As Muslims pray and fast, ideas for sparking discussion
March 2021

By a member of SEND’s Diaspora | North America team — Ramadan, the Islamic month of fasting, starts on April 13 this year. I say “this year” because the start date of the Islamic month moves forward in the western Gregorian calendar by 10-11 days each year, because the Islamic calendar is lunar and the Gregorian calendar is solar. This can make planning for future events a bit more complicated to calculate, a bit like the date for Easter (always the Sunday after the full moon that occurs on or after the spring equinox on March 21), but I digress. 

Ramadan is a very important month for Muslims because it is one of the five pillars of practice required for all Muslims worldwide. The benefits that they believe they achieve from the self-sacrifice of denying themselves food and drink during daylight hours are only part of the equation. They also believe that prayers said during this month are worth more than prayers said at any other time of the year. Prayers said in a mosque during this month are even more weighty. And in fact, prayers said in a mosque, during the last ten days of this month are even better. And finally, prayers said in a mosque on the 26th or 27th day are the weightiest of all. 

Truly devoted Muslims will spend these two nights in the mosque praying to get the best and fullest blessing and credit for their prayers. I have visited mosques during Ramadan and have seen people still stretched out on the floor, huddled asleep in their blankets, and been told that these faithful men have spent the night in prayer and thus are now spending the day sleeping. 

All this begins to make sense when one considers that in Islam, one has to earn one’s own salvation. I would think that most of us, if we thought that our salvation depended on our own efforts, would try to do the same thing to try to make up for our shortcomings through the rest of the year. 

There are great discussion topics related to Ramadan for you to talk about with your Muslim friends, colleagues, or neighbors. First, you could ask them why they fast and then talk about why you fast. You could bring up Old Testament passages like Isaiah 58, where God uses the prophet Isaiah to challenge the people to not just fast with the body, but to consider their hearts and attitudes as well. You can’t fast and at the same time ignore the needy and disadvantaged in your community. You can’t fast and think that just humbling yourself before God is all it takes to earn God’s favor. God wants us to surrender to him body, soul, and spirit.   

Second, since prayer is so important in this month of Ramadan, you could ask them if they know that Jesus talked about praying and even taught his disciples to pray. You could discuss what Jesus says in Matthew 6 about people who pray to be seen and heard by others vs. praying to be heard by God. What do they think about that? 

You could mention that in Matthew 6:7, Jesus says, “And when you pray, do not heap up empty phrases as the Gentiles do, for they think that they will be heard for their many words. Do not be like them for your Father knows what you need before you ask him. Pray then like this … .” And then quote or read the Lord’s Prayer, breaking it down into sections and asking what they think about it.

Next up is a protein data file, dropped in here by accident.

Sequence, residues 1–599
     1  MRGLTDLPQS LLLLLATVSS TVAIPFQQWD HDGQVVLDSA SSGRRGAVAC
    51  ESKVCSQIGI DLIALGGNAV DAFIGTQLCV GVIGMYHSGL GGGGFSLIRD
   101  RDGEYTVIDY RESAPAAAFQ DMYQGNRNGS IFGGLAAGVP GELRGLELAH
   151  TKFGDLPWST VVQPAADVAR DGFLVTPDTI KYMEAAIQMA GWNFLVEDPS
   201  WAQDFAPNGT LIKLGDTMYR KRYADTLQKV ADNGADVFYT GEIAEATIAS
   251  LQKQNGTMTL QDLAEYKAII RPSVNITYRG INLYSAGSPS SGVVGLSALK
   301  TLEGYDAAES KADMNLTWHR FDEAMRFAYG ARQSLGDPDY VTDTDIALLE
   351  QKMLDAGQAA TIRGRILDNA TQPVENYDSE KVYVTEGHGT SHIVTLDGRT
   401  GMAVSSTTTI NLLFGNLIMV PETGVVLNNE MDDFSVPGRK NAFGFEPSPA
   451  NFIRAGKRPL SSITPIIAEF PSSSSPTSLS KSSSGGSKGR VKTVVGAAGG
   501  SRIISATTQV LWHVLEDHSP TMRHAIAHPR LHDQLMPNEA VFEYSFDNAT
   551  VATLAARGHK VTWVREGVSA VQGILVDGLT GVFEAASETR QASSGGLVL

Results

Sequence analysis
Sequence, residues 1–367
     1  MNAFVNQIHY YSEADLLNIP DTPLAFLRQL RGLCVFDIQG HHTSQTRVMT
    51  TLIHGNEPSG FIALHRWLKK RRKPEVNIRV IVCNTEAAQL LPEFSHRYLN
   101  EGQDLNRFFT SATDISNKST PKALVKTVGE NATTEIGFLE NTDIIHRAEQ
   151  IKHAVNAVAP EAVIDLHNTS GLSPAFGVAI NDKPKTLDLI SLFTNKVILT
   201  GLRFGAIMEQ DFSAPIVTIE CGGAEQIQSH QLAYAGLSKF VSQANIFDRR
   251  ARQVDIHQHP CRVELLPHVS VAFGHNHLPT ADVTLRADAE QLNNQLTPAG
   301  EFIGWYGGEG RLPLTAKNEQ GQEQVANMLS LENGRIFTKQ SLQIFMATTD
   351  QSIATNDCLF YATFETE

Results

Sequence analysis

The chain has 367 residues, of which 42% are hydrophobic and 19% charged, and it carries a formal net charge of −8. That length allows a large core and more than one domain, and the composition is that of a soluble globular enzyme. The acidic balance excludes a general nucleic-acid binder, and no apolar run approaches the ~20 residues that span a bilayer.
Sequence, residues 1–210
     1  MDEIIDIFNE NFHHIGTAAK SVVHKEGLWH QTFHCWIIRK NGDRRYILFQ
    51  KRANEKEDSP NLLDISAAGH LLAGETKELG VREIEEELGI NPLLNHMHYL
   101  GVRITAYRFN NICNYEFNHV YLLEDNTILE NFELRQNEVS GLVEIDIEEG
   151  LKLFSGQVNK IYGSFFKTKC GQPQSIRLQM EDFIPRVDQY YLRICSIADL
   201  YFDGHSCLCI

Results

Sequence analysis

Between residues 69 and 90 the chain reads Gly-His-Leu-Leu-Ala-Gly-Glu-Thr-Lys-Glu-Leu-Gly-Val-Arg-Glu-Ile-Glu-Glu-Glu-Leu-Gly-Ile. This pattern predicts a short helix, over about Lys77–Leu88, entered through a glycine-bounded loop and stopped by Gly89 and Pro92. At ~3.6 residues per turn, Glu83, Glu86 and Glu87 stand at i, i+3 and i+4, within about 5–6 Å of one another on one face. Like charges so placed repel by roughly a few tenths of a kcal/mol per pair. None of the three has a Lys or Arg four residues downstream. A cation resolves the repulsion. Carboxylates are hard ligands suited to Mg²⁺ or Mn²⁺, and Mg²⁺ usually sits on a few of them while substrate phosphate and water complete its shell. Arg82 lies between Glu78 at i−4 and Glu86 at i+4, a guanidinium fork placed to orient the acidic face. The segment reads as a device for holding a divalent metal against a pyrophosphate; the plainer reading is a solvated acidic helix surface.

One other thing to remember for Muslim women: Their access to the mosque is often quite limited. If Muslim men feel a burden to earn God’s favor through fasting and prayers, just think of how the women feel. Islam leaves Muslim women at a distinct disadvantage in terms of opportunities to pray in the mosque, even during times when such prayers are thought to carry more spiritual value. 

Our prayer for Muslims this Ramadan is that as they try to fast this coming month, they come to realize that there is nothing that they could ever do to earn God’s love. And that, instead, they understand for the first time that God’s love is a free gift to them, to all who believe and trust in Jesus as their Lord and Savior.  

Resources to help you pray 

Prayercast offers many prayer videos on their website and you can sign up to receive a new video each week during Ramadan. You can watch the video below to get a sense for the quality of their videos.

Prayercast | Tajikistan from Prayercast on Vimeo.

Order a 30 Days of Prayer for the Muslim World guide, produced by You can order printed copies or download a PDF. This prayer guide offers a different topic or people for prayer for each day during Ramadan.  

This month’s prayer points
  • 10/10 Prayer Initiative: Continue to pray for 10 percent of the Muslim world to come to Christ in the next 10 years. Many Muslims will be praying more this month. Pray for God to speak to them in dreams and visions and to shatter their understanding of who God is. May they come to know that he loves them with an everlasting love. 

  • In this past year, Muslims, like Christians, have felt many restraints as COVID has restricted public gatherings. Pray that Muslims will be inspired to search and find Christian services online!

  • Pray for Christian workers living in Muslim countries as life in these countries can become very difficult during this month. Pray that they would have unique opportunities to share God’s truth and grace. 

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